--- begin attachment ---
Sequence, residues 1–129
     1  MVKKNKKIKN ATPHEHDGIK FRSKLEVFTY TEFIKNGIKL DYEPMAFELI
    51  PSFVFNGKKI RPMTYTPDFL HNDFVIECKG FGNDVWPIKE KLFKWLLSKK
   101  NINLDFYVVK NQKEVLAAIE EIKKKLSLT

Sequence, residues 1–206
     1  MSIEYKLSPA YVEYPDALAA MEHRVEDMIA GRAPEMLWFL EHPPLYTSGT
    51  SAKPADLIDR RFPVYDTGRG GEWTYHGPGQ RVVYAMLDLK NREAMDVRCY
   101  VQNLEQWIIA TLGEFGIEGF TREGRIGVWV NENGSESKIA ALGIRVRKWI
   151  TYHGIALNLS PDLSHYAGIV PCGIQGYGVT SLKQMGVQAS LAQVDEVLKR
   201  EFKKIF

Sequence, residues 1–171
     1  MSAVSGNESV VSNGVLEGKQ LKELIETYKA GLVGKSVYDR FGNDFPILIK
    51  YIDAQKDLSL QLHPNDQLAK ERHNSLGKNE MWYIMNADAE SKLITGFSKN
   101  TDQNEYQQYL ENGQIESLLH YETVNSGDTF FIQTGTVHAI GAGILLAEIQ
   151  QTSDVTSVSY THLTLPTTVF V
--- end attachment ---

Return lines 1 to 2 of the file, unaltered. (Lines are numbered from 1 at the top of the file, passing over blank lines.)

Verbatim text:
Sequence, residues 1–129
     1  MVKKNKKIKN ATPHEHDGIK FRSKLEVFTY TEFIKNGIKL DYEPMAFELI